The number of staff appointments grew in February, according to a survey by the Recruitment and Employment Confederation (Rec).
It reported the fastest rise in permanent staff placements in ten months.
The group's report also showed the sharpest increase in temporary positions since May 2007.
Rec said more people were available for permanent and temporary work in February compared with previous months.
However, it expressed concern over the UK's future capacity for employment, with the government expected to cut the number of people employed in the public sector this year.
In its latest report, the Office for National Statistics (ONS) said unemployment in the UK had increased by 44,000 to almost 2.5m in the three months to the end of December.
There had been 40,000 more job vacancies than in the previous three months.
However, the ONS said that most of these new vacancies were temporary jobs, working on the 2011 Census. Excluding this, there were just 8,000 more vacancies.
Private sector investment
Many analysts expect unemployment to rise in the coming months, as public sector spending cuts designed to bring down the UK's budget deficit are implemented by the government.
"The UK now has a two-speed labour market. The private sector continues to hire in increasing numbers while the public sector is shedding jobs," said Rec chief executive, Kevin Green.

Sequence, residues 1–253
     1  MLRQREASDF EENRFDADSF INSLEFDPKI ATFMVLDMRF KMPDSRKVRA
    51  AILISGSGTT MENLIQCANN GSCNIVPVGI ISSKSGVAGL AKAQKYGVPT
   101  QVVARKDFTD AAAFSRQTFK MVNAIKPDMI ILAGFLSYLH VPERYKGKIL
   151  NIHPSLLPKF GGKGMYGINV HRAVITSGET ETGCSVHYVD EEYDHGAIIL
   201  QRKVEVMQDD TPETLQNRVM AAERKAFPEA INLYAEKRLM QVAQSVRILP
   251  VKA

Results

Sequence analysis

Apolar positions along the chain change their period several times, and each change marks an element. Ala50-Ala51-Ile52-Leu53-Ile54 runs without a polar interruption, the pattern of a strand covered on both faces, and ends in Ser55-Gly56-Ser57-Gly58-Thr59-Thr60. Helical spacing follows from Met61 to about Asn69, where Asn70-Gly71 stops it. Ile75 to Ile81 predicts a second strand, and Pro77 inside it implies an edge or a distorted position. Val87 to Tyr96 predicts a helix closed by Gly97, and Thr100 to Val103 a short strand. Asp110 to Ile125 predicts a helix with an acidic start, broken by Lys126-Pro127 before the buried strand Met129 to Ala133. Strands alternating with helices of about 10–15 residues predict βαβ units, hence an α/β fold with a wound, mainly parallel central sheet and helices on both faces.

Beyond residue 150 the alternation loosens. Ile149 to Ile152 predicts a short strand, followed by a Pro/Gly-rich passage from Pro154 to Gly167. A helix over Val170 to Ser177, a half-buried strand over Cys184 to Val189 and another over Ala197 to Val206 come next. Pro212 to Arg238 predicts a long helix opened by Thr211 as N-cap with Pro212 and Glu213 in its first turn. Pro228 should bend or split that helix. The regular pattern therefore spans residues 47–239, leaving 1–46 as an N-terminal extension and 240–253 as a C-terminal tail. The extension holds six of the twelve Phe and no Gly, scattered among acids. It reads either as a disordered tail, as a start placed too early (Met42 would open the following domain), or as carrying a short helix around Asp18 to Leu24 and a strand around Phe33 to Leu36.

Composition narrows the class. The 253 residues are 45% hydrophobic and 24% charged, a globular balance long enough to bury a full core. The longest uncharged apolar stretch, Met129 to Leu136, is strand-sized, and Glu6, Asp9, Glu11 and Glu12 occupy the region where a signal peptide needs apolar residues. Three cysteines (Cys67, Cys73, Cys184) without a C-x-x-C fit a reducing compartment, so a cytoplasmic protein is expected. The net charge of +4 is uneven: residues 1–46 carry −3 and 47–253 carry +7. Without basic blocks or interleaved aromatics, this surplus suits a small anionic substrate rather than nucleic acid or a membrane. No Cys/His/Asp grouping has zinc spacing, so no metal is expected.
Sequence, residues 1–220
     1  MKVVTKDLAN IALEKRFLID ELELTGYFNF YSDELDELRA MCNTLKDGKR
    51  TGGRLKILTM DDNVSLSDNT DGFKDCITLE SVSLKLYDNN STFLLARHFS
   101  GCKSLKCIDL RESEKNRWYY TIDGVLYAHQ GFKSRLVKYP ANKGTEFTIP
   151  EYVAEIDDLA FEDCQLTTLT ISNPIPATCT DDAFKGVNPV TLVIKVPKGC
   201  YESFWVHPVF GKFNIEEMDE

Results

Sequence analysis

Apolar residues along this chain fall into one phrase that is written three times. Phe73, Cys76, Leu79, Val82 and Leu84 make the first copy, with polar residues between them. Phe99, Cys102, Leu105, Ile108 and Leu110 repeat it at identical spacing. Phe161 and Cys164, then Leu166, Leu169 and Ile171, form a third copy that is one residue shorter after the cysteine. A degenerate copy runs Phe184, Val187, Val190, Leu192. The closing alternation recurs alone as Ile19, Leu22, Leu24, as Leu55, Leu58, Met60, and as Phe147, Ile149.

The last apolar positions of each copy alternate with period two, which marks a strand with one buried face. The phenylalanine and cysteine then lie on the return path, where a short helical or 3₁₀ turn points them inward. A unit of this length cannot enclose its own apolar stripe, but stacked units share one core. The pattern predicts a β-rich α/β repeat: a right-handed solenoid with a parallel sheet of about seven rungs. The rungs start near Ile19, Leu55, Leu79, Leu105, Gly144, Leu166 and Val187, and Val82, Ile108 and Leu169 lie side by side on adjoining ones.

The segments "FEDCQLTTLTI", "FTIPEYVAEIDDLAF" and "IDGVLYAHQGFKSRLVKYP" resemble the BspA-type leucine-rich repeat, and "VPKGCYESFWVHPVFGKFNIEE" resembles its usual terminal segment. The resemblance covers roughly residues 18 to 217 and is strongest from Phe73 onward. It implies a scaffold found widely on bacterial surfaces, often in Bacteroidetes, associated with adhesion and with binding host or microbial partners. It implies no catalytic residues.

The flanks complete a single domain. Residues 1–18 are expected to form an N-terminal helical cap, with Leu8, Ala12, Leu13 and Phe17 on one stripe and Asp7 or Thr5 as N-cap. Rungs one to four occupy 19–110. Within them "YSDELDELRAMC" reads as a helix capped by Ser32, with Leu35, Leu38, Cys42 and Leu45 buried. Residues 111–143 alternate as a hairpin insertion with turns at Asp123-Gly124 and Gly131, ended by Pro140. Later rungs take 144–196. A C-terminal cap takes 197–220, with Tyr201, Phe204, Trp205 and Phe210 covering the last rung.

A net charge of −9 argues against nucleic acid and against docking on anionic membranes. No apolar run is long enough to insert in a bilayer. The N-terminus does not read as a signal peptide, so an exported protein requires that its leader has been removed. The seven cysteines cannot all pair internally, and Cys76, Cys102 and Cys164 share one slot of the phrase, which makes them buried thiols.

"Nursing, medical and care sectors have significantly declined from a year ago. In comparison, the IT and computing sector saw accelerated growth over the same period," he added.
Bernard Brown, of accountants KPMG, which helped with the research, said he believed that government should encourage the private sector to take a wider role in supporting economic growth.
"What the government needs to do is encourage private sector investment into the provision of public services to mitigate the cuts and job losses we are expecting across the public sector," said Mr Brown.
"It also should continue to help and promote British exports in order to enable UK manufacturers to expand globally which many of them will need to do in order to survive," he added.